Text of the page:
Carl Jung called it the “togetherness principle.” I like that description the best, because that was the missing ingredient in this creation story. Everything was present but separate, rather than working together to care for each other’s needs. It was almost as if there was a switch that God just hadn’t yet flipped on. And what was that switch? A woman! God made a woman and then all was right in the world. The end. Amen! I wish it was that simple! However, it sure does read like once the female human was created, everything just started to work together, Synchronicity had been found, the Togetherness Principle began to operate.

Now, I’m not saying that women are the answer to everything, although that was the case in my life. But the point here is, creation is not operating at full efficiency, if we are not working together to care for each other’s needs. And who do I mean when I say we? I mean every one and every thing. From people of different faiths, colors, cultures, and places, to animals and plants, and even the air and the water and the earth.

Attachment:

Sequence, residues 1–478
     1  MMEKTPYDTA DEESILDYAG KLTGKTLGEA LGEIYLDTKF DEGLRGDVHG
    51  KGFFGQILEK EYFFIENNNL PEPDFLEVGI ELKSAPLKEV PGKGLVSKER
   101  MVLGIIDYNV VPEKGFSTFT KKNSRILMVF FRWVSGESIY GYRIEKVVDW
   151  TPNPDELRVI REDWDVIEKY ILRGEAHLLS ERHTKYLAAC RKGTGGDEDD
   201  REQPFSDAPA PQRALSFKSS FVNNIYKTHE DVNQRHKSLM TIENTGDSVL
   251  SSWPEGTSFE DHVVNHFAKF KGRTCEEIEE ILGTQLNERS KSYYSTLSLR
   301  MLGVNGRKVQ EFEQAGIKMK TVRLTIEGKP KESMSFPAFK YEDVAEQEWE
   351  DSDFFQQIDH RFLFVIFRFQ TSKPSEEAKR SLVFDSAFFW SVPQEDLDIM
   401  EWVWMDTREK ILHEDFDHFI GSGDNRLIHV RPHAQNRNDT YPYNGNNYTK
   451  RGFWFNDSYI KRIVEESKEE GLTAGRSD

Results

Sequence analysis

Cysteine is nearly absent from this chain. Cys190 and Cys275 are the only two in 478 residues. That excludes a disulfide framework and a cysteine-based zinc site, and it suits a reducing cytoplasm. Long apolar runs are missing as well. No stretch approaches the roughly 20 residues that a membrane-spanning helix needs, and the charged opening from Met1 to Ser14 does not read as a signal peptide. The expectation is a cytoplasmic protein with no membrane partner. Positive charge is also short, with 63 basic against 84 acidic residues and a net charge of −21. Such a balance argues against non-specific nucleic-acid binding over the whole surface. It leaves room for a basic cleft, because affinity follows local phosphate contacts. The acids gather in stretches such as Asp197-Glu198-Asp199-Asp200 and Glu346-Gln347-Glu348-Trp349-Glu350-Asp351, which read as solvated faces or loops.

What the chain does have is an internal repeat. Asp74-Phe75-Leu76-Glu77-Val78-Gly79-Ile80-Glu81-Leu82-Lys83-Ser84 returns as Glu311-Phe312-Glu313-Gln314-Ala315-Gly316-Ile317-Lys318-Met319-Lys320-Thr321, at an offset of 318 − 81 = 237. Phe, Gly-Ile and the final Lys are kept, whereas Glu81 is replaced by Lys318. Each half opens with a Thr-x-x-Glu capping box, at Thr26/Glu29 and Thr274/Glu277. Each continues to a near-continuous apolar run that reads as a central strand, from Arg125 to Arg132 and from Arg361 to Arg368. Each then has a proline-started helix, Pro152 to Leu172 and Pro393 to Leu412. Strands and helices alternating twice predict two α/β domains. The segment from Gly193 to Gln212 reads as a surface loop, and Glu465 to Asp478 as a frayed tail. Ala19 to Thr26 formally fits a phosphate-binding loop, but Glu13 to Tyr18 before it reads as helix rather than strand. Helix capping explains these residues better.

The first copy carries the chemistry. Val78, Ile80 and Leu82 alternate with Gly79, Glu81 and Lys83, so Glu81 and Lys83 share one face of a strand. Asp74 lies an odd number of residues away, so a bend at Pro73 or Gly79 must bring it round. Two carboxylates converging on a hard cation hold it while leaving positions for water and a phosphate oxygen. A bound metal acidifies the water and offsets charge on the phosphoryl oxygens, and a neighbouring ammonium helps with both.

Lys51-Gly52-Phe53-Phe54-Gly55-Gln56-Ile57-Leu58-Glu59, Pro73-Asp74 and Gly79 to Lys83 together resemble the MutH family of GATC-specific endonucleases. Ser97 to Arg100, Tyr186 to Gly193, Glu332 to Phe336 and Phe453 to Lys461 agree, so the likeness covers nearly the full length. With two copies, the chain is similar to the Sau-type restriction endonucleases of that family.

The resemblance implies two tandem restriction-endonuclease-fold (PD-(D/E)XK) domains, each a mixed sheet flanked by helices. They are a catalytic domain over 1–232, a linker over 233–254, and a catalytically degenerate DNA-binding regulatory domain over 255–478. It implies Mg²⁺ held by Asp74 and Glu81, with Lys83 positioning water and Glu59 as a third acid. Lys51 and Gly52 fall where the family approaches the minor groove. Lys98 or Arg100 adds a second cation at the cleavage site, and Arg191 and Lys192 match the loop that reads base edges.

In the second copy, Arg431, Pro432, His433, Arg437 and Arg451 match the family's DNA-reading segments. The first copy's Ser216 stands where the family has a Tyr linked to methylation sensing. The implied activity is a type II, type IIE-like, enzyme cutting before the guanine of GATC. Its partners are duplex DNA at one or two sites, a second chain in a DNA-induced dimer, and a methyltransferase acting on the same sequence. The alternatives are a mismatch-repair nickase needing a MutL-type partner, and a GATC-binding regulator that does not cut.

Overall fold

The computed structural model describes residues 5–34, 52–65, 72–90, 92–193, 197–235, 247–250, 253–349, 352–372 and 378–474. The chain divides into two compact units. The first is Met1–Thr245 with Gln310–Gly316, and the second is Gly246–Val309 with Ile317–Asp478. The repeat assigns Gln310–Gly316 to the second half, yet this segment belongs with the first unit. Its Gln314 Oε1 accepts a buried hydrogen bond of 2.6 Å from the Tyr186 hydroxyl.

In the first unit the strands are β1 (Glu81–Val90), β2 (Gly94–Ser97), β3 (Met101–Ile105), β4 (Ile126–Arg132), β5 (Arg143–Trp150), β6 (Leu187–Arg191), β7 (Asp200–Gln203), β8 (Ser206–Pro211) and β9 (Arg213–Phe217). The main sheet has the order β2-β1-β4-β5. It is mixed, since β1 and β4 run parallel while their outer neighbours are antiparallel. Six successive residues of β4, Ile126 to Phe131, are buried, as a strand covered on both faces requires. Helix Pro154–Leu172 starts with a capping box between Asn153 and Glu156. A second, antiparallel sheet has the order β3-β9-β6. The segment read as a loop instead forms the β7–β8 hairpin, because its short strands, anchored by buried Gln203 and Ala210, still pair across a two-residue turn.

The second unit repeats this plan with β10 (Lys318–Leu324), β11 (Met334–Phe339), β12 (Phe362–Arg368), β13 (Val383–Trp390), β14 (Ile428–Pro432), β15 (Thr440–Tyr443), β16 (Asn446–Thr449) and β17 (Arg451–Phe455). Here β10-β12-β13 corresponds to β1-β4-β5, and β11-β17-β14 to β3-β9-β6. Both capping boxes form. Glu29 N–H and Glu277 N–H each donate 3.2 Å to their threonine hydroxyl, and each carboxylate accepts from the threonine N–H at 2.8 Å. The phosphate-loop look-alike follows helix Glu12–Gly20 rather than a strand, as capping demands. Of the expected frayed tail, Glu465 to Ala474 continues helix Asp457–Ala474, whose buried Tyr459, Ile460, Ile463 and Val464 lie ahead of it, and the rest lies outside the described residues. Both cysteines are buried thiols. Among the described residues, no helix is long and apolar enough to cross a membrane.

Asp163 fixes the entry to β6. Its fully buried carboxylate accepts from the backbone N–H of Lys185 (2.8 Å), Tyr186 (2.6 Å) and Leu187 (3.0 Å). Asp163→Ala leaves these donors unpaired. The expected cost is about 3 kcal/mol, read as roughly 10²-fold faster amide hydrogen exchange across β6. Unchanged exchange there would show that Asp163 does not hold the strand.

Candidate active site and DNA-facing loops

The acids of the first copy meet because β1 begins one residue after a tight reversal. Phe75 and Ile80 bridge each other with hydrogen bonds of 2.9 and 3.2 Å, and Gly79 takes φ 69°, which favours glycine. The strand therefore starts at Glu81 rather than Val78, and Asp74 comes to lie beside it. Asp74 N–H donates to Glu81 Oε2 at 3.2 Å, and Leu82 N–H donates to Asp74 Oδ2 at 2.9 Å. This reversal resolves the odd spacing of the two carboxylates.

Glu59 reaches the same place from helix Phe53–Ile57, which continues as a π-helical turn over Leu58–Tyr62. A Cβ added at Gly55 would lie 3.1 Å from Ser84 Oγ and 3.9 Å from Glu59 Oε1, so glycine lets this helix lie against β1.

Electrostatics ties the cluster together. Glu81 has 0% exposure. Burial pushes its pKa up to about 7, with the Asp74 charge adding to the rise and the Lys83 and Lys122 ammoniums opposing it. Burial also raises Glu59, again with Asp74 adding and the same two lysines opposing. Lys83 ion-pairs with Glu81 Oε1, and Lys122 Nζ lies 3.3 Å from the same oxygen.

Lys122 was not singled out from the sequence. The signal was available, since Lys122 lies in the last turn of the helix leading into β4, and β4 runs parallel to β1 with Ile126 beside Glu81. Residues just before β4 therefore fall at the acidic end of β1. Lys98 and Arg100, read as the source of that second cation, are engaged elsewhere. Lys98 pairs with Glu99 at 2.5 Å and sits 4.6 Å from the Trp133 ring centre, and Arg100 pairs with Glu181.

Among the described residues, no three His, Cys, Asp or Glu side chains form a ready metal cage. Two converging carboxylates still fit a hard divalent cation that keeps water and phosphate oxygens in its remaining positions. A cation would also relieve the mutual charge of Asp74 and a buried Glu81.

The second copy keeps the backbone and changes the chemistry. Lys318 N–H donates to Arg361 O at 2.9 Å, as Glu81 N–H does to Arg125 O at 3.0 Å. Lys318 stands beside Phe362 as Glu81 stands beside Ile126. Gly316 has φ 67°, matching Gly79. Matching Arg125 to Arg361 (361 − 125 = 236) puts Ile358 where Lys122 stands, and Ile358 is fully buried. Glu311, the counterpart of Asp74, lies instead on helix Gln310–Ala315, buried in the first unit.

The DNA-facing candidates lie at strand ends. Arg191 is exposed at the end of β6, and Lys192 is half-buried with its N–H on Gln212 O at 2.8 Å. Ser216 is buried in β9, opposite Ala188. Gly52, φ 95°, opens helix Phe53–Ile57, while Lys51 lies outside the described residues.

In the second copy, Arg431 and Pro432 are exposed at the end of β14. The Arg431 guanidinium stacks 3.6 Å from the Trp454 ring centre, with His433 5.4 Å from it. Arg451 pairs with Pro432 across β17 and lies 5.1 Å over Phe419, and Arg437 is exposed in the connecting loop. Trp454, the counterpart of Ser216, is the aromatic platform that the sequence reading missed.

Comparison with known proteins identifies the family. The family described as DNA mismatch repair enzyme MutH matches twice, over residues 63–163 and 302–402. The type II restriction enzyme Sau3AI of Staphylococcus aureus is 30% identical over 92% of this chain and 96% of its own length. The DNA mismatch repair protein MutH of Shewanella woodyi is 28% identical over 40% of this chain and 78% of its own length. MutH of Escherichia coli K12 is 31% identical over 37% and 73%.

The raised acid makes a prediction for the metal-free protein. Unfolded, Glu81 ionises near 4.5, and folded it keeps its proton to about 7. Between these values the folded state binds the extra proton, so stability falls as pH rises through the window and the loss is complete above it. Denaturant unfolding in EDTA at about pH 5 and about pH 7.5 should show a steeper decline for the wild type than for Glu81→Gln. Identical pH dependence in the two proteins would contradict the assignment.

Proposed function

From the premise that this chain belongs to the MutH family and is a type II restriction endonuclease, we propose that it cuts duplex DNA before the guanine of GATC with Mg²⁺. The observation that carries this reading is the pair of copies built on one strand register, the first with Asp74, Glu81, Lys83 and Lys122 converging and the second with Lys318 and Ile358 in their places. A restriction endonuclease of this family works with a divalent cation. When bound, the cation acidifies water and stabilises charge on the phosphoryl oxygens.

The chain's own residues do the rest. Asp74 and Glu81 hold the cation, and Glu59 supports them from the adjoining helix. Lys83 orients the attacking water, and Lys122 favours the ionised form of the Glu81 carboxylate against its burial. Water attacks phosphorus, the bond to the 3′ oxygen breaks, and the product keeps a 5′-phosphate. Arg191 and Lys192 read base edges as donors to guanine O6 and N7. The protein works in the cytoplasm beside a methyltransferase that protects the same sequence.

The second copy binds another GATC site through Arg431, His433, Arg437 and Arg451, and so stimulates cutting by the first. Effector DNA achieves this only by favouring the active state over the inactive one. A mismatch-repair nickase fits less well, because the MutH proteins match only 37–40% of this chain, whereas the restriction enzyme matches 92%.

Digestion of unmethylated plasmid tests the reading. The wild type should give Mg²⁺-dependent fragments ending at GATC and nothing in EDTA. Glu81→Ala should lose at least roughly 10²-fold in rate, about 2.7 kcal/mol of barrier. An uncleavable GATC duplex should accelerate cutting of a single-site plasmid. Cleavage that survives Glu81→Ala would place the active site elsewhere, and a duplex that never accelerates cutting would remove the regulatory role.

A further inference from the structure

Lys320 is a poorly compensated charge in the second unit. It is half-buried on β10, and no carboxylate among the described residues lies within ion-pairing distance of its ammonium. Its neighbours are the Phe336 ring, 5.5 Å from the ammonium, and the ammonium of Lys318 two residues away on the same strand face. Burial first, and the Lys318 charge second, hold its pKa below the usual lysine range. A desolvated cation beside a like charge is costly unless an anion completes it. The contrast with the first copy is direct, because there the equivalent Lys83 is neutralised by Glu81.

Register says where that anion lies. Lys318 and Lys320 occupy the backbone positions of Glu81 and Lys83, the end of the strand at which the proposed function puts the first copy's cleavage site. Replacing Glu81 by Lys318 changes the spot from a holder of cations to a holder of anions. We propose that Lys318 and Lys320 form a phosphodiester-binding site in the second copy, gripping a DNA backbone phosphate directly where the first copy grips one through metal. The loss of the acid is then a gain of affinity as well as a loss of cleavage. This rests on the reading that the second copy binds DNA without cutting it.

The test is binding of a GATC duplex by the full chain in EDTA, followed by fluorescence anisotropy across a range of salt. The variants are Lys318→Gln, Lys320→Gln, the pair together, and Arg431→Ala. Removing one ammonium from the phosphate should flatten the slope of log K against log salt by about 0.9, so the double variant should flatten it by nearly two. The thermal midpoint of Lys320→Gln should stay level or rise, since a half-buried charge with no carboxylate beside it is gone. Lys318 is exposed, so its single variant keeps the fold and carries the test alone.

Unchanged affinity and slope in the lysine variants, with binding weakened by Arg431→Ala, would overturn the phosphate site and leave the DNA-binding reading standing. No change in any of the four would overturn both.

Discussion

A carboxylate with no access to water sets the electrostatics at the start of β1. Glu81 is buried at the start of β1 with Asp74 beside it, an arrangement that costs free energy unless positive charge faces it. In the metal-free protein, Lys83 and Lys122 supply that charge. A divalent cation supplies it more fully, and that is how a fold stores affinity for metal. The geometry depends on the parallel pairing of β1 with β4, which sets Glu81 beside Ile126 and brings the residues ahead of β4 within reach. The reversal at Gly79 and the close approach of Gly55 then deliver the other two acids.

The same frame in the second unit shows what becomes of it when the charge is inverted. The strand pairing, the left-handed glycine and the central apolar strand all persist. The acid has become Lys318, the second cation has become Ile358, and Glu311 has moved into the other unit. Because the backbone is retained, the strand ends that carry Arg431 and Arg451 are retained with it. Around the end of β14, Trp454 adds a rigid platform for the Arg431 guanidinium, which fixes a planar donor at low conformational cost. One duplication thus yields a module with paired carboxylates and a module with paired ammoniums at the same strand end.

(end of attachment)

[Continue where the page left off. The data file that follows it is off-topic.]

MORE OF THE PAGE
Every thing and every one has been created to work with each other, to care for each other, to dance with one another—all in one great big synchronous life together. Creation was designed to need all it’s different parts needing each other to work together, in order to reach the perfection that it was created to be. It was created perfectly imperfect, almost paradise.

I invite you to ponder the many ways that our world is out of sync, and how we can help to bring that synchronicity, that togetherness principle back into reality, and as such, becoming a coworker with God in this continuing saga of creation. We will be doing just that today at two o’clock at our meal packaging event. Feeding the hungry is precisely this togetherness principle put into action. I’ll leave you to think of other ways to do so. Maybe we’ll even do it together someday. May God bless our work together, as we spread a bit of paradise wherever and whenever we can. Thanks be to God. Amen.